Research (opens in new tab)has shown that compared to isolation exercises (like a bicep curl), compound exercises use more muscle mass, which requires more oxygen and energy and subsequently burns more calories — especially during recovery when the body is trying to return to homeostasis (balance). You’ll also require more core activation to complete exercises like squats, burpees or an overhead press, which can build a stronger core. 

What’s more, calorie-torching exercises like burpees, rows and wall balls use most muscle groups, and rowing is estimated to recruit a whopping 96% of your muscles while also building endurance. All in all, you can expect to build an engine any athlete would be proud of by giving these workouts a go, which I'll certainly be dreaming of when I hit the start line next Spring.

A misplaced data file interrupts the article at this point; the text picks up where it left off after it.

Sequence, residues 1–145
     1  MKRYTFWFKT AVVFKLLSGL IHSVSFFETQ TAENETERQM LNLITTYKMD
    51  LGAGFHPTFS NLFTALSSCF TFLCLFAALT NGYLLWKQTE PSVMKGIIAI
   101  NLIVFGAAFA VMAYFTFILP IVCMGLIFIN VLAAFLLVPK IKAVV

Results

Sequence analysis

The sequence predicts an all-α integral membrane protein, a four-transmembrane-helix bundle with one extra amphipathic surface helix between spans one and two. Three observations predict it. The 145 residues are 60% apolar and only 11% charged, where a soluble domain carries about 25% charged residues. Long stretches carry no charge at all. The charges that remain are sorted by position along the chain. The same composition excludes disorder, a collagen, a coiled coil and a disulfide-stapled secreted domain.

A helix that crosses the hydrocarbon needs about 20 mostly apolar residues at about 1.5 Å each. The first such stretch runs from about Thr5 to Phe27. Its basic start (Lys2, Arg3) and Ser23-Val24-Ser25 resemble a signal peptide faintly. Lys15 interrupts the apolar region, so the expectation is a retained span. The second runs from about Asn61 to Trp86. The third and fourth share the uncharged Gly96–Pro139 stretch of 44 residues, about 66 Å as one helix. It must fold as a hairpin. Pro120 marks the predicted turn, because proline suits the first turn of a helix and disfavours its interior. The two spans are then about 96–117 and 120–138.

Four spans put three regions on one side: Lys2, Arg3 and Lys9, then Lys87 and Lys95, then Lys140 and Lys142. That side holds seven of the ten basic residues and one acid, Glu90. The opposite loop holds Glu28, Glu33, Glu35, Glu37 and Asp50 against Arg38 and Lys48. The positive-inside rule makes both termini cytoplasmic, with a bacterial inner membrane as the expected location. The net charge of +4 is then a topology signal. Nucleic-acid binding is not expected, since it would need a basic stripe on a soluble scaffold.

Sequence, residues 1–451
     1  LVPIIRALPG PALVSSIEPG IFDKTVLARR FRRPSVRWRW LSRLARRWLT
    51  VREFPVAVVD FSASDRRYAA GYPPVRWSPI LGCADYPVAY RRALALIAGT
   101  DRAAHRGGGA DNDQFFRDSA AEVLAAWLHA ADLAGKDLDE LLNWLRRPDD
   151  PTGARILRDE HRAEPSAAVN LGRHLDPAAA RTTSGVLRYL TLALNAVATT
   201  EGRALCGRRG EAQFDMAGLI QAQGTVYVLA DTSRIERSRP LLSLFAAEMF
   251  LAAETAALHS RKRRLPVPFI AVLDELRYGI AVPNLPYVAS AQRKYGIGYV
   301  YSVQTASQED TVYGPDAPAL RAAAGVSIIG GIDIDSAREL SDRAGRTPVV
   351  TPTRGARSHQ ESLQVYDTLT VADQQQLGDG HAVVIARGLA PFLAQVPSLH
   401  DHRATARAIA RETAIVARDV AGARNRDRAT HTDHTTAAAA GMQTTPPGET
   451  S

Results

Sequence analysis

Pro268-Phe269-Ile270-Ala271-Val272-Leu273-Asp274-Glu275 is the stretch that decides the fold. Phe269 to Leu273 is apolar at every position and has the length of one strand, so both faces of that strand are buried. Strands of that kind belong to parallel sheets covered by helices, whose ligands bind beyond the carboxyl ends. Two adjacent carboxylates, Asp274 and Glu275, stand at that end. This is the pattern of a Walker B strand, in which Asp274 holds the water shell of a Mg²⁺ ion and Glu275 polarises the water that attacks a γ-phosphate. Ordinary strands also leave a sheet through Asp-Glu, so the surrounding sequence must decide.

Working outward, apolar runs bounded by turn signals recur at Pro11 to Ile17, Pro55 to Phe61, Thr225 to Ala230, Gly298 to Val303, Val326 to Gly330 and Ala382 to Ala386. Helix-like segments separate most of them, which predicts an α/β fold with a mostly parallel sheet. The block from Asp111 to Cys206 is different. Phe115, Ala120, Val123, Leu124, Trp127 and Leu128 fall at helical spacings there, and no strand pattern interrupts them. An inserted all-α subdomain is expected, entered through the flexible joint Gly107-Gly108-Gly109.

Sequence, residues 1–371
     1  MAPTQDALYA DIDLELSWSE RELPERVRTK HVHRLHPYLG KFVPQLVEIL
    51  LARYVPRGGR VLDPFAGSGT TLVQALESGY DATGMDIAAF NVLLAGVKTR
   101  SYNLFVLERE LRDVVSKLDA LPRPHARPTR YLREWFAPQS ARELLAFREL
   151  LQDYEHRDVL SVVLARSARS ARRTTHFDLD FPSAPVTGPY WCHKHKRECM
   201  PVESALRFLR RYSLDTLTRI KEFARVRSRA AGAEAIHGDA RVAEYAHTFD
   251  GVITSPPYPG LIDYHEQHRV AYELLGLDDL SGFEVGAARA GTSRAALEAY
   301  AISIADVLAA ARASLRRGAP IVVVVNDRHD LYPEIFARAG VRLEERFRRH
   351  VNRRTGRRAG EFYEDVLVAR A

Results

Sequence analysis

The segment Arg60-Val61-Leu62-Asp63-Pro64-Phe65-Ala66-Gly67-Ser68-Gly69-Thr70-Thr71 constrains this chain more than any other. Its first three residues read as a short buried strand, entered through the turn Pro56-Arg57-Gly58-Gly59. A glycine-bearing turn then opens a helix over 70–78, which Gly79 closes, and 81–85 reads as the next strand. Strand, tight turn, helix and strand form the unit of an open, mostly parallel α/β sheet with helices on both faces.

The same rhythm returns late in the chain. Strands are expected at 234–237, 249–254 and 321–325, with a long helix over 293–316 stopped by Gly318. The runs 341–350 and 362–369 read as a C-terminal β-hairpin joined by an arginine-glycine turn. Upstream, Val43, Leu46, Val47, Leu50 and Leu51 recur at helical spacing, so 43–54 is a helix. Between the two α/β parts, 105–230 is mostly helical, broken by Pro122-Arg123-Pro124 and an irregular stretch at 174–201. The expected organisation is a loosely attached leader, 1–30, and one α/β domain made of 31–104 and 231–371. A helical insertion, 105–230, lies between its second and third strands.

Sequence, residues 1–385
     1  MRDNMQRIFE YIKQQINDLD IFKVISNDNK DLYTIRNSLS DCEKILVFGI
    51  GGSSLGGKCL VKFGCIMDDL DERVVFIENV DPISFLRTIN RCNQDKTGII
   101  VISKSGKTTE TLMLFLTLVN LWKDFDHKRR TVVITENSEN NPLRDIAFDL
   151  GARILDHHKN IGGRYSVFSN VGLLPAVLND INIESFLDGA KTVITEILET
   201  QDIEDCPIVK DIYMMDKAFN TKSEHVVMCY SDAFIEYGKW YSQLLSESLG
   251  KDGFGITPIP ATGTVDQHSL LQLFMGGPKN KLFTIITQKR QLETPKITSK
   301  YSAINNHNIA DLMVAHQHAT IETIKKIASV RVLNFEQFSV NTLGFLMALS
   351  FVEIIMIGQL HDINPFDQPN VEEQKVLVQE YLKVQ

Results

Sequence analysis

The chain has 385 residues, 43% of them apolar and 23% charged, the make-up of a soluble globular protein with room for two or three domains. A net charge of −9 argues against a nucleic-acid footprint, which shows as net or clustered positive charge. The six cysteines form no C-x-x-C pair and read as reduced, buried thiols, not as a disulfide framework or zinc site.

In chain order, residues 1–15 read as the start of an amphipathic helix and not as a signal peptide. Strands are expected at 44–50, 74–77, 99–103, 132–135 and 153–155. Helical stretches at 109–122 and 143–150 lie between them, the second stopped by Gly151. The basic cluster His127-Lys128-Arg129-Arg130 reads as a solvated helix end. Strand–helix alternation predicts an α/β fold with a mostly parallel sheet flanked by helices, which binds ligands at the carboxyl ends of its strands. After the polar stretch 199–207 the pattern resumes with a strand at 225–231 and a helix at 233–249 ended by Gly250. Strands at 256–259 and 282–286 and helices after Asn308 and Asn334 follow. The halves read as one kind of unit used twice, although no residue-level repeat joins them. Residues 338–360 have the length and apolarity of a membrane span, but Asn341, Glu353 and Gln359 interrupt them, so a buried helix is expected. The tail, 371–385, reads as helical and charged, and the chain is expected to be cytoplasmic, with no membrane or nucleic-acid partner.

If you usually reach for Instagram for workout inspiration, more Hyrox workouts are available on the Hyrox Instagram page. You might also like Chris Hemsworth’s 250-rep dumbbell workout, and this functional calisthenics workout uses four moves to build full-body strength using the same compound exercise principles mentioned above. 

Sam Hopes
Staff Fitness Writer

Sam Hopes is a level III fitness trainer, level II reiki practitioner, and resident fitness writer at Future PLC, the publisher of Tom's Guide. Having trained to work with mind and body, Sam is a big advocate of using mindfulness techniques in sport and fitness, and their impact on performance. She’s also passionate about the fundamentals of training and building sustainable training methods.  When she's writing up her experiences with the latest fitness tech, you’ll find her writing about nutrition, sleep, recovery, and workouts.